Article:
To no-one's great surprise -- certainly not mine -- the latest search for the remains of the Malaysian Airlines B-777 used on flight MH370, which disappeared on 8 March 2014, has come up with nothing. Nada. Zero. Zilch. How could it be otherwise, when (as I've said repeatedly, as in "New search for MH370 - Walt's advice on how to get answers", WWW 6/1/18), the searchers are almost certainly looking in the wrong place!
News.com.au reported last week that although they lost out on the multimillion-dollar finder's fee, the underwater exploration company Ocean Infinity is showing no sign of giving up on the lost plane. Even though the search has been officially called off (again), the Norwegian research vessel MV Seabed Constructor is continuing the hunt on its own, and is now looking in "previously uncharted areas".
Today, instead of talking about where MH370 wound up, let's talk about why it dove into the Indian Ocean (if indeed it did). The leading theory at the moment is that the pilot was suicidal, and flew the aircraft into the briny deep, after depressurizing the cabin to kill all the pax. Plausible, but not the only possibility.
Think about this. Almost anything that's connected to the internet can be hacked. (Look up "internet of things" on Google.) Things connected to the internet include airline operatins and... wait for it... flight controls. That's why airline ops occasionally grind to a halt "because the computer's down."
Thus the US Department of Homeland Security (DHS) reported in government documents, obtained by Motherboard, that it's "only a matter of time" before cyber criminals are able to hack and remotely control an airplane.
The Pacific Northwest National Laboratory (PNNL), a Department of Energy government lab, warned in a recent presentation that the "potential of catastrophic disaster is inherently greater in an airborne vehicle." The presentation, about methods used to identify vulnerabilities in commercial aircraft, expanded on research done by the DHS last year, in which they successfully hacked a Boeing 737 by remote means.
Greg Phillips, head of the Department of Electrical and Computer Engineering at the Royal Military College of Canada, told Global News that the cybersecurity of commercial aircraft is indeed a major concern for the industry. "Any significant systems that involve human life are potentially targets for hacking," he said, "and that’s everything from the power grid to the water supply to the sewer to any kind of transportation, so aircraft, rail, etc. They’re all potentially vulnerable because they’re all controlled by computers, so yeah, we do need to worry about them."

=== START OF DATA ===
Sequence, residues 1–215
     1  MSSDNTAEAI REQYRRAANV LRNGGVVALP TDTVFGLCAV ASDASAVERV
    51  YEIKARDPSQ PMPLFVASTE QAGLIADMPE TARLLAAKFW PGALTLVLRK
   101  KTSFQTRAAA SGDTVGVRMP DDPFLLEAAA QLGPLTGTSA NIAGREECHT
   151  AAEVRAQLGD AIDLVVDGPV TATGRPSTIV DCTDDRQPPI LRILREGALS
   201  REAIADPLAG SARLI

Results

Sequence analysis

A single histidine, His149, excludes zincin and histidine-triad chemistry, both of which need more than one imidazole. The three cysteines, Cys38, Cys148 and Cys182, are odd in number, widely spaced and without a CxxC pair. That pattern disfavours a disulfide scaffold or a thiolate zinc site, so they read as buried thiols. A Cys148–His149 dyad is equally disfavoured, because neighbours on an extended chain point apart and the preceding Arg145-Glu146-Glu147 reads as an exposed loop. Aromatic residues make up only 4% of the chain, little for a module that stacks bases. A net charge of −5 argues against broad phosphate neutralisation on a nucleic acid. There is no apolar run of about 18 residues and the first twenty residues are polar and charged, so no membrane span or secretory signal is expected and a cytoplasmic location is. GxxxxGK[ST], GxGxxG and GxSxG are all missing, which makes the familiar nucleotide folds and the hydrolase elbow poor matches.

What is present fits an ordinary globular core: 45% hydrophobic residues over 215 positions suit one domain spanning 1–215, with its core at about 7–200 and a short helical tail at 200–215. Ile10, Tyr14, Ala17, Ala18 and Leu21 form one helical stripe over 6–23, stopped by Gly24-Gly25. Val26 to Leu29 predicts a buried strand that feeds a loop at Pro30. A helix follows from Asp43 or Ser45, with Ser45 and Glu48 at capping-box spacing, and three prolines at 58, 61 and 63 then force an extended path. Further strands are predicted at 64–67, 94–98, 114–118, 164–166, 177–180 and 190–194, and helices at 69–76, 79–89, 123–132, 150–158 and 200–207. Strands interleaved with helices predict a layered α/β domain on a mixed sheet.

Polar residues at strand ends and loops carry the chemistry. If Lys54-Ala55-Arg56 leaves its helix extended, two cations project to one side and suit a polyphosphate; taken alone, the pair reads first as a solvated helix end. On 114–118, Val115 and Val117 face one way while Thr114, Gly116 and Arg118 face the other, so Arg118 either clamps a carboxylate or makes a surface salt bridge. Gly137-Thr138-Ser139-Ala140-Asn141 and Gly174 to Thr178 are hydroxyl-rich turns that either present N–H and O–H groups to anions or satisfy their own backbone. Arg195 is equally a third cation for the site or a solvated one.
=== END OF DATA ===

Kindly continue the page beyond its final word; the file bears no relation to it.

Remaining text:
A spokesthingy for Airbus Industries commented, "This is an industry issue, and one that we take seriously. However, we do not see any way for this to happen today, and we are constantly reviewing our systems and security procedures to continue to protect against potential cyber-attacks."
Is it possible, then, for cyber criminals to remotely control airplanes today? Probably not, but, Mr Phillips said, it can't be ruled out entirely. "You’d have to be able to communicate with the aircraft either on the ground or while it's in flight, and ideally what you'd want to be able to do is communicate with it in real time so you could tell it to do something like go into a power dive right now and kill everybody."
Say wut?! Isn't that the latest theory on what happened to MH370, which numbered among its passengers scores of Chinese IT professionals? Errr, yes... but of course we're only speculating here. It's equally possible (IMHO) that MH370 was shot down, accidentally or on purpose, by a missile launched by Indian or American armed forces, the latter operating out of the US base at Diego Garcia. Who knows....